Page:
Reading Reading Women: Double-Mirroring the Dame in Der Ritter vom Turn

  • Anne Simon
Part of the The New Middle Ages book series (TNMA)


This view on the desirability of women’s reading is found in Der Ritter vom Turn (1493), the German version of the Livre du chevalier de la Tour Landry. It is prompted by the story of Deborah, whose wisdom, culled from Holy Scripture, enabled her, according to the Knight, to convert her hardhearted, evil husband from his wicked ways into a just and peace-loving man. While the biblical Deborah was a judge, prophetess, and military leader who led a coalition of Israelite tribes to a victory on the plain of Esdraelon over the superior Canaanite forces commanded by Sisera (Judges 4–5), the Knight turns her into a model of feminine piety and domestic virtue whose book learning furnishes her with weapons for the taming not of her people’s enemy but of her tyrannical spouse.


German Version Female Voice Open Book French Original Roman History 
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  1. 2.
    Ruth Harvey, “Prolegomena to an edition of ‘Der Ritter vom Turn,’” in Probleme mittelalterlicher Überlieferung und Textkritik: Oxforder Colloquium 1966, ed. Peter F. Ganz and Werner Schröder (Berlin: Erich Schmidt Verlag, 1968), p. 163 [162–82], and Hans Joachim Kreutzer, “Marquart vom Stein,” in Die deutsche Literatur des Mittelalters: Verfasserlexikon, ed. Wolfgang Stammler et al., 2nd edn., 10 vols. (Berlin: de Gruyter, 1987), vol. 6, col. 133 [129–35] suggest the daughters may have been a useful fiction. If so, their fictionality would open a different interpretation of the undeniably salacious aspects of the text since these would function more clearly as the means to sexual titillation. Indeed, a double readership may have been intended from the start: the male reader, who would have enjoyed the male authority stamped on and the risqué entertainment offered in the text; and the female reader, for whom the stories were meant to function as warnings or models, but for whom some of the stories may also have been sexually titillating. As Holt N. Parker states: “The woman is a fiction, a male-created mask, which authorizes and privileges a male-created text.” In other words, the male reader may have been intended as the prime recipient, the daughters and female readers a vehicle for arousing material. See Holt N. Parker, “Love’s Body Anatomized: The Ancient Erotic Handbooks and the Rhetoric of Sexuality,” in Pornography and Representation in Greece and Rome, ed. Amy Richlin (Oxford: Oxford University Press, 1992), p. 92 [90–107]. My thanks to Heike Bartel of the Department of German, University of Nottingham, for this reference and her helpful comments on this essay.Google Scholar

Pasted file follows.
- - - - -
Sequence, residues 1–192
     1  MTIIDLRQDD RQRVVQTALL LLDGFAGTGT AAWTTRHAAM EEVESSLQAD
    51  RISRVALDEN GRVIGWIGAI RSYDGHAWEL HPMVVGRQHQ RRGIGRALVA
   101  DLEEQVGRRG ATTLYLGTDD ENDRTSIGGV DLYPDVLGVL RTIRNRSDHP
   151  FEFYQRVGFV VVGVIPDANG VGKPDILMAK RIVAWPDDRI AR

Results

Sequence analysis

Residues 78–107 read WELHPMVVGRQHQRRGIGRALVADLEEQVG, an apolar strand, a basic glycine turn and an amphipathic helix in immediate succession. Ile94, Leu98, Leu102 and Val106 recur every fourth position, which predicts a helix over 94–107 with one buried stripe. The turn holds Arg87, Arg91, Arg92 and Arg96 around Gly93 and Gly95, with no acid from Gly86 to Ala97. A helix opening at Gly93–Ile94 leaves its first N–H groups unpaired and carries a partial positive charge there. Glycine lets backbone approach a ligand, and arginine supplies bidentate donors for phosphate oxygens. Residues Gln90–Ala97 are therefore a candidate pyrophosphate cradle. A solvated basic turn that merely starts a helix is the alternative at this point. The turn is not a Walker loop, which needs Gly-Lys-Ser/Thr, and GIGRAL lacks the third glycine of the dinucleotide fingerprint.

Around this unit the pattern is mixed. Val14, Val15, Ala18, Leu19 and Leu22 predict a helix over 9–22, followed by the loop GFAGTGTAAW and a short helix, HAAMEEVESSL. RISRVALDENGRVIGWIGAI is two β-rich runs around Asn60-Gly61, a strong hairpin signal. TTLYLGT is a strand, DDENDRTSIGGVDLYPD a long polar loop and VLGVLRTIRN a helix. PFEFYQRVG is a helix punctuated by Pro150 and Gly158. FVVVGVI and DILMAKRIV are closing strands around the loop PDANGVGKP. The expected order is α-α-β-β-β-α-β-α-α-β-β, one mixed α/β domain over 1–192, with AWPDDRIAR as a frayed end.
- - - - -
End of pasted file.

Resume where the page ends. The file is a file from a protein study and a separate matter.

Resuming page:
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    “Lappidoth” means “torches” and only occurs as a proper name in this context. For a commentary on Judges see James D. Martin, The Book of Judges (Cambridge, UK: Cambridge University Press, 1975)Google Scholar
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  22. 17.
    This is supported by Lesley Smith’s argument that the book held by Mary “represents the Christ that Gabriel is sent to announce. Lest we think that Christ did not exist before the birth of Jesus, this already-present book reminds us of the doctrine of the eternity of the Word. The Word made flesh (so graphically evident in the parchment pages of a manuscript book) in Mary’s book is symbolically present at the very moment of his conception.” See Smith, “Scriba, Femina: Medieval Depictions of Women Writing,” in Women and the Book, ed. Lesley Smith and Jane H.M. Taylor (London: British Library, 1997), p. 22 [21–44].Google Scholar
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    Robert Scribner, “Ways of Seeing in the Age of Dürer,” in Dürer and His Culture, ed. Dagmar Eichberger and Charles Zika (Cambridge, UK: Cambridge University Press, 1998), pp. 104–105 [93–117].Google Scholar

Copyright information

© Emma Campbell and Robert Mills 2004

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  • Anne Simon

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